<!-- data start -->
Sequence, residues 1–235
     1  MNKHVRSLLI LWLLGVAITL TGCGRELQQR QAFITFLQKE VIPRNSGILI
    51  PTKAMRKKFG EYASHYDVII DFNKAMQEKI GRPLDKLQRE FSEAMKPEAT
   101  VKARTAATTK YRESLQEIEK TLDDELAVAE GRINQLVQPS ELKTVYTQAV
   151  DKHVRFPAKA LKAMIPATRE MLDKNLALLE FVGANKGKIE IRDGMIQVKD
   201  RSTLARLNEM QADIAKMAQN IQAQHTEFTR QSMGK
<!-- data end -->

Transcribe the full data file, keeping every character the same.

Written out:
Sequence, residues 1–235
     1  MNKHVRSLLI LWLLGVAITL TGCGRELQQR QAFITFLQKE VIPRNSGILI
    51  PTKAMRKKFG EYASHYDVII DFNKAMQEKI GRPLDKLQRE FSEAMKPEAT
   101  VKARTAATTK YRESLQEIEK TLDDELAVAE GRINQLVQPS ELKTVYTQAV
   151  DKHVRFPAKA LKAMIPATRE MLDKNLALLE FVGANKGKIE IRDGMIQVKD
   201  RSTLARLNEM QADIAKMAQN IQAQHTEFTR QSMGK